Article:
Charting 9mm’s
Dominance In 2010s


Introduced in 2017, the mid-size Ruger Security-9 shares several features with
the LCP II, such as the trigger and full-length guide rail. (Image: Ruger)

The 2010s gave us the Smith & Wesson M&P Shield, GLOCK 43, SIG SAUER P320, Ruger Security-9, SIG SAUER P365 and Springfield Hellcat — to name a few. What do these all have in common? Besides being top-selling lines, they’re each offered in 9mm — which has grown into the go-to caliber in the U.S. pistol market.

It probably won’t surprise you, then, to learn 9mm pistols were the most prolifically produced caliber in the 2010s. Thanks to the ATF’s Annual Firearms Manufacturing & Export Report (AFMER), which breaks down pistol production by caliber, we’re able to quantify the scope of its dominance.

9mm Proportional Jump

In 2010, pistols produced in 9mm constituted 27.9% of the segment (630,217 of 2,258,450 pistols in the U.S.). Fast-forward to 2019, the proportion of 9mm’s market share increased substantially, rising to 56.8% (the top mark of the decade) when 1,729,834 were produced.

For the entire decade, 9mm pistols made up 42.8% of all pistols produced domestically (15,111,566 of 35,315,097). Using advanced math, that’s four of every ten pistols made in the U.S. in the 2010s were chambered in 9mm. For added perspective, 9mm pistols made up 18.6% of U.S. production from 2000–2009.

Top Producers

Smith & Wesson was the top maker of 9mm-chambered pistols in the 2010s, with 3,976,014 produced. It was the lead 9mm producer for five consecutive years (2013–2017), peaking at 823,260 pistols in 2016, a record mark (and more pistols than the entirety of 2005). The M&P Shield was a primary driver during this period, taking just three years to reach the 1 million production plateau after its 2012 debut.

The second-largest 9mm producer, SIG SAUER grew at an impressive rate during the 2010s — no doubt led by its P320 Modular Handgun Series and high-capacity, micro-compact P365. Its mark of 615,757 9mm pistols in 2018 ranks second in the record books.

Four of every ten pistols made in the U.S. in the 2010s were chambered in 9mm.

Rounding out the top three, Ruger produced 2,666,216 9mm pistols in the 2010s. Sharing some of the same characteristics of the LCP II, the mid-size Security-9 was a notable introduction late 2017.

SCCY Firearms and Kimber Mfg. achieved notable growth in the 2010s. In 2010, SCCY produced 8,641 9mm pistols (12th largest 9mm producer), achieving its best return in 2016 with 160,676 pistols (5th). Up until 2019, all of the company’s pistols were in 9mm. Exemplifying the growth in demand of 9mm 1911s, Kimber produced 5,241 9mm pistols in 2010 (14th largest 9mm producer), peaking at 113,224 in 2018 (6th).

Hi-Point was another strong performer in the 9mm category thanks to its economically priced Model C9, which is available in several variants.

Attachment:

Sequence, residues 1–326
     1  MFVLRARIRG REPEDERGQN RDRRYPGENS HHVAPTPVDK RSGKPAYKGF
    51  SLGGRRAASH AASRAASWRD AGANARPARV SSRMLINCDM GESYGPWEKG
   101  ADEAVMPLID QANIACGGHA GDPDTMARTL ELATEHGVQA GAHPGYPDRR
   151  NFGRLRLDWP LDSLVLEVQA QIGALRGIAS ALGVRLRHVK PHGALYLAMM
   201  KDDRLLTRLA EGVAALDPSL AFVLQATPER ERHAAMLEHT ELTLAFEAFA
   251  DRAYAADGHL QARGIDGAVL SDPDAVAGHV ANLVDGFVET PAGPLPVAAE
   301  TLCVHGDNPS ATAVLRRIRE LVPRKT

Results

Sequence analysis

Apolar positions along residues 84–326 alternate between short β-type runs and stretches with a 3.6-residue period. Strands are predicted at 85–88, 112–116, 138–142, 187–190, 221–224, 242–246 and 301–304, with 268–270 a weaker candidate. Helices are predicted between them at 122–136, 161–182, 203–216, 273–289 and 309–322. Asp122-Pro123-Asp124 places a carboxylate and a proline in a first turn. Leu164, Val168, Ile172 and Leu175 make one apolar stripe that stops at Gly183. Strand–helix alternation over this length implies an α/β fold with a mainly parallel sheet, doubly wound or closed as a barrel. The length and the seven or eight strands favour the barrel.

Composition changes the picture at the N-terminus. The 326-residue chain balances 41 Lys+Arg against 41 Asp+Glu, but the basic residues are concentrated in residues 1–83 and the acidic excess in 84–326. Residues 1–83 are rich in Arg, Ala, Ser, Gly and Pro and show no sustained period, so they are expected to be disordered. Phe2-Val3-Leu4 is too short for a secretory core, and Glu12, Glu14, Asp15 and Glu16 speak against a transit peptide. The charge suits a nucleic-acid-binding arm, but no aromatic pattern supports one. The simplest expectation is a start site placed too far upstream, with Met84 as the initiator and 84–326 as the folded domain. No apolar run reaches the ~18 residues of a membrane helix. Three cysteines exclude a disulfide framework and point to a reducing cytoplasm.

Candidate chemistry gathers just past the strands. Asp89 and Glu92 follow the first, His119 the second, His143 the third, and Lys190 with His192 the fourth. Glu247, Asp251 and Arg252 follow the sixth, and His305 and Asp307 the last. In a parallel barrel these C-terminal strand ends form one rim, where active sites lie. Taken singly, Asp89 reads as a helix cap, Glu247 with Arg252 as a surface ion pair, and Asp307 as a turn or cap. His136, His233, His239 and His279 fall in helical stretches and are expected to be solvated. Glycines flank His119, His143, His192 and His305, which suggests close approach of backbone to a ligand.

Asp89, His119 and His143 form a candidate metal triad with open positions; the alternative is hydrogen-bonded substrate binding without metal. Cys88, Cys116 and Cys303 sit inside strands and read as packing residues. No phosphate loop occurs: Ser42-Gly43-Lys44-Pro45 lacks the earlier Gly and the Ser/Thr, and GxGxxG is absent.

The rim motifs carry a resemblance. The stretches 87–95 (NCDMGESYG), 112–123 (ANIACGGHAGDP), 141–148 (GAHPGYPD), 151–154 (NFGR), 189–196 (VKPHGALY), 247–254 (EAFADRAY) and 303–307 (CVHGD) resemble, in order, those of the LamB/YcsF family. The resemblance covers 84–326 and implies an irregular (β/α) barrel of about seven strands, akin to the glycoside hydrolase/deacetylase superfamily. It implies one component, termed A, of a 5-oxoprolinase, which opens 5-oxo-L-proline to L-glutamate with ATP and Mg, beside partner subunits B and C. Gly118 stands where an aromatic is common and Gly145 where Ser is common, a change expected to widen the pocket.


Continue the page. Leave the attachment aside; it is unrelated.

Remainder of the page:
In total, the top 10 U.S. producers commanded 89.8% of the domestic production in 9mm during the 2010s.

The trends observed throughout the past decade point to continued dominance of the 9mm caliber. We’ll get our first look at the new decade when ATF’s 2020 AFMER data is published next January.

Revisiting The Congressional Fly-In

Continuing a tradition established by Shooting Industry Publisher Emeritus Russ Thurman, I’ve had the privilege of representing FMG Publications at every NSSF Congressional Fly-In since 2016. While the virtual-only element of this year’s Fly-In was markedly different than years past, it was no less valuable.

The chief aim of the Fly-In is to give industry professionals an opportunity to interface with elected members of Congress and share the industry’s legislative priorities. Additionally, they can provide firsthand examples on how discriminatory practices from lenders and insurance providers impact their business, as well as the “why” behind certain requests — such as why the industry supports additional funding for NICS and opposes President Biden’s nomination of David Chipman to lead the ATF.

“As a retailer, I was able to share some of the challenges we face.”

Mike Brown, Founder & CEO Frontier Justice

The largest firearms manufacturers, wholesalers, importers and accessory makers regularly attend these events. This year, only one dealer participated: Mike Brown, founder and CEO of Frontier Justice, which operates three stores in Missouri, Kansas and Nebraska. As a first-time attendee of the Fly-In, he shared his impressions and why it’s important to have a dealer presence at future events.

“It’s a great opportunity to attend; it’s an amazing program NSSF has set up. You get to speak directly with Senators and members of Congress who are impacting the laws that affect the Second Amendment,” he said. “As a retailer, I was able to share some of the challenges we face with legislation — whether it’s selling firearms, working with 4473s, compliance and ATF issues — and get their support.”

When asked if the Fly-In was beneficial to his business, Brown didn’t hesitate.

“I can’t say enough great things about it. Retailers should take advantage of it if they can and be a part of it because it was a great opportunity for us,” he concluded.

NSSF announced the 2022 Fly-In will be held April 5–6 (subject to changes in the Congressional calendar). If you’re a dealer reading this, I highly recommend inviting your local Congressional representative in for a visit (“Take your politician to work day,” as NSSF’s Larry Keane describes it) — and maybe even consider attending the 2022 event.


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